3) If the garage refuses to provide redress by either giving a refund or redoing the job the consumer can go to arbitration through the trade association if the garage is a member.

4) You are also entitled to out of pocket expenses if you have had to use different transport whilst the job is redone but you must keep this to a minimum.

5) If your vehicle gets damaged at the garage the garage is responsible. The garage must pay to put things right under the Consumer Rights Act 2015 from the 1st October unless it can prove that it was not responsible. If the garage says it is not responsible for vehicles left in its possession it is in breach of the Protection from Unfair Contract Terms  Regulations 2008.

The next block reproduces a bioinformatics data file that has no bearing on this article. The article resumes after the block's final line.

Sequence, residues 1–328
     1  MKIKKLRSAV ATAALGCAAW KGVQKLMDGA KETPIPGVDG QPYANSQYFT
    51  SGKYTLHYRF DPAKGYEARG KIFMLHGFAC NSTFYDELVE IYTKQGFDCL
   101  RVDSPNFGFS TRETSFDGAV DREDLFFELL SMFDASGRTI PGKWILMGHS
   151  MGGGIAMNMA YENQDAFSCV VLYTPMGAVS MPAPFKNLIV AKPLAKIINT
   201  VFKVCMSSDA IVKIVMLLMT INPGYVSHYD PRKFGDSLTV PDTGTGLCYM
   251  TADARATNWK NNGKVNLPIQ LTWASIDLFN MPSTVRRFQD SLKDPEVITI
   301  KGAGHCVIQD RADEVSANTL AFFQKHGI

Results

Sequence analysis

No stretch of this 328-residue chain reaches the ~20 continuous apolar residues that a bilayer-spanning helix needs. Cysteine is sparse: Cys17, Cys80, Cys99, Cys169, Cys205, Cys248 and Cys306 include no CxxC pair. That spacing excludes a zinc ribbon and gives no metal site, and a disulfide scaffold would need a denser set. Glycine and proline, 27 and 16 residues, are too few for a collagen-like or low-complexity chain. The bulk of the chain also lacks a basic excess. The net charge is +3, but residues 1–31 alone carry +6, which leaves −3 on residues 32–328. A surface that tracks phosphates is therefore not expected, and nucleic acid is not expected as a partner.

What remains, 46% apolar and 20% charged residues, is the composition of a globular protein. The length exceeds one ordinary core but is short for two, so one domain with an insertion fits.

6) You can also write to the CEO of the garage/chain by getting the contact details from

7) Be polite, assertive and quote your legal rights. Complain in writing wherever possible as this is clear evidence in court should you need it. Give a time for when a response is expected and what will happen if a satisfactory response is not received (e.g. contact Trading Standards, the Trading Association, go through the Small Claims Court etc.)

8) If all that fails you can go to the Small Claims Court.

Research the garage before using

The Motor Ombudsman is the self-regulatory body for the motor industry. Its voluntary membership of thousands of garages is committed to maintaining high standards covering new cars, the administration of new car warranties and car service and repair. Search their database for members who sign up to a code of practice and if things do go wrong will partake in alternative dispute resolution.